This global awareness is necessary since the issues are global and countries are all interdependent. The Paris agreement of December 2015, the UN’s 2030 agenda and its Sustainable Development Goals, and the commitments made during the General Food Congress in the second half of 2017 are all examples of initiatives which invite us to a comprehensive sustainable approach to gastronomy. But it is first on the European scale that all is determined because that is where our capacity for action lies. Food and gastronomy are indeed at the crossroads of many public policies, all of which must be part of a European dimension if we really want to strive for an exemplary sustainable approach.
It is at the European scale that we shall draw up a strategy by negotiating very soon the new Common Agricultural Policy for the period 2021-2027 which will have to be a contract of confidence: historical public policy of the Union has never been so topical since it is an opportunity to reaffirm our values of transmission, diversity, and sharing which involve the safeguarding of landscape and heritage. France wants to carry out its vision for innovative agriculture at the service of “healthy eating”.
In practical terms, Europe, this coveted market of more than 500 million consumers, already allows us to make our voice heard on the international scene, to express our collective preferences and our tastes in terms of food. Balanced free trade agreements are a key lever for this: we must persevere in the paradigm shift in favour of a demanding European trade policy that protects the environment and European citizens, their health, and their intellectual property. Under these agreements, France is for instance very attached to the defence of geographical indications whose approach, which may be perceived as old-fashioned, is in fact of a surprising modernity. Canada, for example, has committed to recognizing 143 protected geographical indications, including 42 in France, such as the Espelette chilli pepper and the Oysters of Marennes-Oléron. This approach contributes to the enhancement of the European gastronomic heritage and to the tourist attractiveness of the continent’s territories, all of which have a unique gastronomic identity.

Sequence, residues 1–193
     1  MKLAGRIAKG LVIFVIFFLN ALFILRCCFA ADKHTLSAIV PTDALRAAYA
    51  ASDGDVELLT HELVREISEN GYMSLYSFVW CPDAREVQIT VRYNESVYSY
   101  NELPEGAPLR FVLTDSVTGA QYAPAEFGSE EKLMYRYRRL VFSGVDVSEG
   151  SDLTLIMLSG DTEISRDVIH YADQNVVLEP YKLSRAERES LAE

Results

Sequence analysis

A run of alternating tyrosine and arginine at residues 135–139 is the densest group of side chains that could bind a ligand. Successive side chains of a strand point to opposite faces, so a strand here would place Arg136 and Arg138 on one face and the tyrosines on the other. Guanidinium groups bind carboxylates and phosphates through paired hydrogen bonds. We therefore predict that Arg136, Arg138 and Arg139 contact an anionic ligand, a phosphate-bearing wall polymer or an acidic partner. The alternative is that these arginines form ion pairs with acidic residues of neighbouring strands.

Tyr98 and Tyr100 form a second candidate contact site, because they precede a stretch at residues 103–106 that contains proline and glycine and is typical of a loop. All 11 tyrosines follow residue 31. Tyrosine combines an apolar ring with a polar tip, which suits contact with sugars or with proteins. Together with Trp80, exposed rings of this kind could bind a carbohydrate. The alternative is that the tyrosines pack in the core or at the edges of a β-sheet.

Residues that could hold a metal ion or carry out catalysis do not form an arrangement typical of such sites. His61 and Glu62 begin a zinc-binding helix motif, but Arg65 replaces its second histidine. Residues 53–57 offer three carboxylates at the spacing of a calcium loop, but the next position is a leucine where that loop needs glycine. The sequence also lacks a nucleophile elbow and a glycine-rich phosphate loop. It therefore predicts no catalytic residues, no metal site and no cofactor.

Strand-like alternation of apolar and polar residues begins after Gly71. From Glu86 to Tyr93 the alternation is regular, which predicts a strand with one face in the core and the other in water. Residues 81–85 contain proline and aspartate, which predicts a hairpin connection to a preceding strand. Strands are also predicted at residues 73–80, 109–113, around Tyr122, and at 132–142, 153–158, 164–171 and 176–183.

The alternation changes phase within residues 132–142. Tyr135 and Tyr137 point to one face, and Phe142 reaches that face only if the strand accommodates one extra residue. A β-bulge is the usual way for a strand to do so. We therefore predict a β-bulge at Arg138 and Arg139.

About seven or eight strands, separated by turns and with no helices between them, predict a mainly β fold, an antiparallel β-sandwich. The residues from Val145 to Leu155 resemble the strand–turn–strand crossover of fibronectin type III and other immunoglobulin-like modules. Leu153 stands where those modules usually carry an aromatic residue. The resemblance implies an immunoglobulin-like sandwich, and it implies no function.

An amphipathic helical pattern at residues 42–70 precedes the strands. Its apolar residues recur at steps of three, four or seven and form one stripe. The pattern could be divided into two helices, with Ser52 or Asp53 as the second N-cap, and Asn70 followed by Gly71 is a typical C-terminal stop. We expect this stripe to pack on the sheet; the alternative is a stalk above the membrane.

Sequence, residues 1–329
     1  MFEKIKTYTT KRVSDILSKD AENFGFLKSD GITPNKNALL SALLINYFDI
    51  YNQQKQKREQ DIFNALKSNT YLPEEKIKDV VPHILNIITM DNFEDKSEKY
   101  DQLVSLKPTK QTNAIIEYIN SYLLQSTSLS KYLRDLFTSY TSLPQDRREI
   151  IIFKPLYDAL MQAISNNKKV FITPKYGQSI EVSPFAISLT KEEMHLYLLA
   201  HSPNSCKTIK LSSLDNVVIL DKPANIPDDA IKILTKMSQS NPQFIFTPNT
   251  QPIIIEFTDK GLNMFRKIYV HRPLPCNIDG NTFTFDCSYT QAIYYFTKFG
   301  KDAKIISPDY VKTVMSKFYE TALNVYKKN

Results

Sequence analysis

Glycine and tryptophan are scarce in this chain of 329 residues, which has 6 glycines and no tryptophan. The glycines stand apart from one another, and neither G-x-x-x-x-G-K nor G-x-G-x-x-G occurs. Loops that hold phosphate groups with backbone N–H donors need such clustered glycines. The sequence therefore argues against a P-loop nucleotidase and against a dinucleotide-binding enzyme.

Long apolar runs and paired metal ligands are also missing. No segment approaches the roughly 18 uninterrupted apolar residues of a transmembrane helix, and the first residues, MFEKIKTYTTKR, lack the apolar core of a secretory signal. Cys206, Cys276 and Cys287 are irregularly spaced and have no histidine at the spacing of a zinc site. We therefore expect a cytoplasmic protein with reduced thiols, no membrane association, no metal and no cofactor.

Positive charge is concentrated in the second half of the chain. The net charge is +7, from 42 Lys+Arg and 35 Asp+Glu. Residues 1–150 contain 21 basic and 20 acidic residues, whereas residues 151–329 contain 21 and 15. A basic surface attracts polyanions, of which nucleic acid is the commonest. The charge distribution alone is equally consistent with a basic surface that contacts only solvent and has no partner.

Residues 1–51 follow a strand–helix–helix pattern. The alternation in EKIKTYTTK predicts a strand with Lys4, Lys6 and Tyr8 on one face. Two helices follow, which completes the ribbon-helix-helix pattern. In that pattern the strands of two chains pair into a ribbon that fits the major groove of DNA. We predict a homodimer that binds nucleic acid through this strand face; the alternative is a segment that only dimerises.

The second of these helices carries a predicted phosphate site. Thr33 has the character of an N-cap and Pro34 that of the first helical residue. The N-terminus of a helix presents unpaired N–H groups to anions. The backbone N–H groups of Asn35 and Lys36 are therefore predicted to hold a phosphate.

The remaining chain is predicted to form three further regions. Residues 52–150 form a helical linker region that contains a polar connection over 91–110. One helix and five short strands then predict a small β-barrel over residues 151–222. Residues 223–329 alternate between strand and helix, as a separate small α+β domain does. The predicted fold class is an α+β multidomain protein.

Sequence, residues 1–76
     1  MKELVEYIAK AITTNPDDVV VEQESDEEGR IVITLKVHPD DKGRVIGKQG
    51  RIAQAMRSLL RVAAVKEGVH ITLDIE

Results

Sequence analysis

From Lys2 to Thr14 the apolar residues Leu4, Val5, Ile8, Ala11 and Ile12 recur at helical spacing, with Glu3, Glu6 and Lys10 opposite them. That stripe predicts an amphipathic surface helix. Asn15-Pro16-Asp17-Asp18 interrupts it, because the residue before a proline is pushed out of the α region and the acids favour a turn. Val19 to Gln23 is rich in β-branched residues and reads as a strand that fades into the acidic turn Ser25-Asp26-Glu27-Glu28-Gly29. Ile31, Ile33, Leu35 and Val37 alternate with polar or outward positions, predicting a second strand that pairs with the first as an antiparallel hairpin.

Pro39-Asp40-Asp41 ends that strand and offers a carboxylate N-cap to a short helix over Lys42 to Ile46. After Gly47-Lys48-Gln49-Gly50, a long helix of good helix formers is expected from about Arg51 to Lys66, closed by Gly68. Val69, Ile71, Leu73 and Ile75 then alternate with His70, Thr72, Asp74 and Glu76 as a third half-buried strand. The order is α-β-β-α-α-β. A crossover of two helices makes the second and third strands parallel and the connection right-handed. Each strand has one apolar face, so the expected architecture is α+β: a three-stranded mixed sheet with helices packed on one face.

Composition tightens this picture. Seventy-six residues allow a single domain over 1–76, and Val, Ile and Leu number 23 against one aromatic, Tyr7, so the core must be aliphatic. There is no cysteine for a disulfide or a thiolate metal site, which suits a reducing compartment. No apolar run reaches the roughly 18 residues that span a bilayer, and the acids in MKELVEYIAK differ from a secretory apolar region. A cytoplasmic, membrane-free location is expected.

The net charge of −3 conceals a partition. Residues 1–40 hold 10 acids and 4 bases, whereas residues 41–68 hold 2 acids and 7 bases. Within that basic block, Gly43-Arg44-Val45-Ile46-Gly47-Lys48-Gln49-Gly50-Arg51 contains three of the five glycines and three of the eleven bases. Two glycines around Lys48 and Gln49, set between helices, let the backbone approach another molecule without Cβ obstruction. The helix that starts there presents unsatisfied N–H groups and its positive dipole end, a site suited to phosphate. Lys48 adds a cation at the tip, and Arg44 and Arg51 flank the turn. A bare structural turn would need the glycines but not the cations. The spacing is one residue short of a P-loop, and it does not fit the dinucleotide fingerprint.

Finally, gastronomic heritage is a vector of attractiveness, development and economic growth for the territories. If one visitor out of three declares to choose France as a tourist destination to discover its gastronomy and its wines, it is because the diversity of our gastronomy is the reflection of the diversity of our countries and our terroirs. In Europe, there is not one but several gastronomic heritage and what brings the Europeans together is their ability to protect and promote them. The European Parliament resolution, voted in 2014 on the cultural and educational aspects of Europe’s gastronomic heritage, is part of this process of territorial development by recognizing the importance of gastronomy in their heritage and in their cultural expression.